A beautiful lawn is surely in the eyes of the beholder. For some, the thought of dandelions or other broadleaved plants within their realm is simply too much. Marketing trends in the landscape industry have picked up on this demand, and created complicated programs that involve fertilizers and pesticides. Many people think these are requirements of lawn maintenance.
Following are 12 simpler steps to create a healthy beautiful and yet ‘low input’ lawn;
* De-thatch in the spring
A good raking each spring with a flexible tooth rake will do your lawn wonders! Removing thatch helps your lawn breath and allows new shoots to fill in open spaces. The pile of dead clippings is great for your compost pile.
* Know your soil pH
The pH of the soil (acidity level) needs to be at about 6.5 for turf plants to effectively utilize the micro nutrients existing in the soil. Use of these nutrients is part of the process in making the plants healthy. Most soils in the northeast are naturally very low in pH ( too acidic), making these nutrients unavailable. When the soil is low in pH the weeds are able to thrive, while the desirable plants become weak. Soil testing is available through the New England State Universities and their extension services. The tests don’t cost a lot and they give you information that that help you build your soils to desirable levels without wasting a lot of time and money doing the wrong thing.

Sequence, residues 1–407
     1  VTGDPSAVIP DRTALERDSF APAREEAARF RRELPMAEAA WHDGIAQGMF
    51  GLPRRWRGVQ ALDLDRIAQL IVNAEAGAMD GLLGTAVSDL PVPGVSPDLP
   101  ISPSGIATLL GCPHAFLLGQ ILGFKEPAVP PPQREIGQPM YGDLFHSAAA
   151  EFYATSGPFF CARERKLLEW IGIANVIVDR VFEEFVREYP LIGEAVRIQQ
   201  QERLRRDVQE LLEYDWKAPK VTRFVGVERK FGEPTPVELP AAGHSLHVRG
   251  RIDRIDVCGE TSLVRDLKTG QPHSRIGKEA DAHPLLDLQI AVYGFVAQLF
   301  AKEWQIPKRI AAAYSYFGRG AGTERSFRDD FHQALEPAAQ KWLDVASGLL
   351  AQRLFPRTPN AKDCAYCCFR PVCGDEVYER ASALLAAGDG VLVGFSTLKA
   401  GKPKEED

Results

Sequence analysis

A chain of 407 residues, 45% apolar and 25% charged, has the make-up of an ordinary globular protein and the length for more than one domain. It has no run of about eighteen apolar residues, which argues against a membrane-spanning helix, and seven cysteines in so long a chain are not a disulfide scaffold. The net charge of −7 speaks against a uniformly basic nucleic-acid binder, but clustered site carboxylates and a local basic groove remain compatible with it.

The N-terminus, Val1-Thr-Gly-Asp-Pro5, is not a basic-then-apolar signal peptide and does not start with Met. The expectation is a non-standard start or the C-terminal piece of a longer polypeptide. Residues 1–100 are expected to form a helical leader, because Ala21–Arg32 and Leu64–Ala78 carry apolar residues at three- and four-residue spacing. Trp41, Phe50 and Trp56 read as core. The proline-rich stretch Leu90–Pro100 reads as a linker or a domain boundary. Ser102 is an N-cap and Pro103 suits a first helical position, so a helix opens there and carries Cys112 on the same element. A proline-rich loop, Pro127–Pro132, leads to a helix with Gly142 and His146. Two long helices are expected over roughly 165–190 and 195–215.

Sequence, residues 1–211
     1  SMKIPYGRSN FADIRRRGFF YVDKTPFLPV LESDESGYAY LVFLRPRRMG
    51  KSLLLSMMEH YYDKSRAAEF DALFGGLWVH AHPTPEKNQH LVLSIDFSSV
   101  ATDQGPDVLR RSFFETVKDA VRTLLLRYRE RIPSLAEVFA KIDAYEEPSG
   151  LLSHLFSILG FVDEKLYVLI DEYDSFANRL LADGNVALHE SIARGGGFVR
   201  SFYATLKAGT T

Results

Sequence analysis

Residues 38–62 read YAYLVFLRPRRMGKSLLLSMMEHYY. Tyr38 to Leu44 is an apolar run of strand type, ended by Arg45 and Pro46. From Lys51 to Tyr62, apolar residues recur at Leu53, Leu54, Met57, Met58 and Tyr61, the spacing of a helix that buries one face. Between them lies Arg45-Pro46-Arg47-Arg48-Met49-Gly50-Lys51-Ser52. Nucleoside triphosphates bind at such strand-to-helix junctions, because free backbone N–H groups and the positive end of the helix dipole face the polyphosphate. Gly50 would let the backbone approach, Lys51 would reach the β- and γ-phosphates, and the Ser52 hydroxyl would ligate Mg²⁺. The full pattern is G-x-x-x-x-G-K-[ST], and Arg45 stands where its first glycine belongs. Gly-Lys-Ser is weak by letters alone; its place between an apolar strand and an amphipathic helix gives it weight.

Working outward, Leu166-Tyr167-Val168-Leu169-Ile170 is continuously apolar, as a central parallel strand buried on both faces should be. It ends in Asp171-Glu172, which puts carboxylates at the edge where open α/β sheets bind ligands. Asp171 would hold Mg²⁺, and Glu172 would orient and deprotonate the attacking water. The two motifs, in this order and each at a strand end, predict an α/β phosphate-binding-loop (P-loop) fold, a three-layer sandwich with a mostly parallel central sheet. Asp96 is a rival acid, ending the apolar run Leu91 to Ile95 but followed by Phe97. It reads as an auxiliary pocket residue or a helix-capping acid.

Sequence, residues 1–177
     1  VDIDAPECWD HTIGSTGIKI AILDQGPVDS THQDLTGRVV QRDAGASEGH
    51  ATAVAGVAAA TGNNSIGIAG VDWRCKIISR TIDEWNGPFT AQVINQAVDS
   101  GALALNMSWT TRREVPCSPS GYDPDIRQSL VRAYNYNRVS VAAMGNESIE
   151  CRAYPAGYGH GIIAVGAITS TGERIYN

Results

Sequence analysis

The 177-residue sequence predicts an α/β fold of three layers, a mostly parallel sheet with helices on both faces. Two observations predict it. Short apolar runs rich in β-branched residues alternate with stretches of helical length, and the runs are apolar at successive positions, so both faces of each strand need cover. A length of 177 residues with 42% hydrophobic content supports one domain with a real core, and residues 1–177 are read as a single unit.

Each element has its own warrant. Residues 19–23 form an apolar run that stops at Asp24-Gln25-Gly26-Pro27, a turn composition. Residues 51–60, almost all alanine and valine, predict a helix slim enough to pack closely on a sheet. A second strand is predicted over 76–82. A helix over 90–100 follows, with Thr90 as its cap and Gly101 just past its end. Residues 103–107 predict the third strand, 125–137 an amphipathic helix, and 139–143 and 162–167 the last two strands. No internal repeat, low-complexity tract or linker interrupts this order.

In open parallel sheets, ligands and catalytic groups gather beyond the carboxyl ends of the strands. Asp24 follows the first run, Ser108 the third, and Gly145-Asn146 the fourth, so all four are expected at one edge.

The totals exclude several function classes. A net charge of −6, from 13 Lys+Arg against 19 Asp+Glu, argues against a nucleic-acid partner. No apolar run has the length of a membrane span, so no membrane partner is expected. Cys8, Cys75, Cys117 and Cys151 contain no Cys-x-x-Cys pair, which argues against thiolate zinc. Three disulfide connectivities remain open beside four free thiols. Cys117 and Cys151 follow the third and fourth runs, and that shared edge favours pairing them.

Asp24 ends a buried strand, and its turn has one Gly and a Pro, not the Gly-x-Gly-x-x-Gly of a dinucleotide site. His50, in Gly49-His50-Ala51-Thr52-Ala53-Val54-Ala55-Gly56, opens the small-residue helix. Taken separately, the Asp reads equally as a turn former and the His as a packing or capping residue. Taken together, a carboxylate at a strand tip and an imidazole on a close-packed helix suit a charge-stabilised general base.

* Soil Organic matter
When building a new lawn, take the extra time to add extra organic matter and build the soil up. This will save in the long run and create a lawn you can be proud of without a lot of steps each year.
* Topdress with compost
After a lawn is in, but showing signs of not looking the best without regular applications of fertilizers, a topdressing of compost can help to build the soil up, minimizing the need for adding chemical products.
Organic matter aids in moisture retention while contributing nutrients necessary to support plant life.
A suggested application rate would be 2 yds per 5,000 sf of lawn area. Rake it out as consistently as possible.
Most established lawns do fine with one application of fertilizer each year. Early spring is best, and try to purchase a phosphorus free fertilizer when applying near water bodies. Most soils have sufficient amounts of phosphorus already, your soil test can tell you this.
* Mow High
Set your mower to 2 ½ – 3” . The plants themselves can shade their own roots, minimizing drying and unwanted weeds.
* Skip the water
When the dry spells hit, allow your grass to go dormant. It is the plants natural reaction to stressful conditions. It will regenerate from roots after the drought has passed.
* Core aeration
Have your lawn aerated by a professional once every year or two in the fall. Aeration breaks down thatch and helps the lawn to breathe.
After a core aeration, overseeding with a good lawn seed will help new plants generate in thin spots.
* Grub control
Milky Spore Disease used for grub control has not been documented to give adequate grub control in inland New England, most likely due to the shortness of summer warmth, and is very expensive to apply. Beneficial nematodes, another biological control alternative, seems to have shown more promise.
* Fighting weeds
By following these low input lawn practices, your lawn will grow healthy and naturally crowd out weeds. You can pull a few dandelions individually if they bother you without having to spray and herbicide over the entire lawn. Best of all, following these low input lawn steps to a healthy lawn will help protect groundwater, reduce pesticide exposure, and save you money!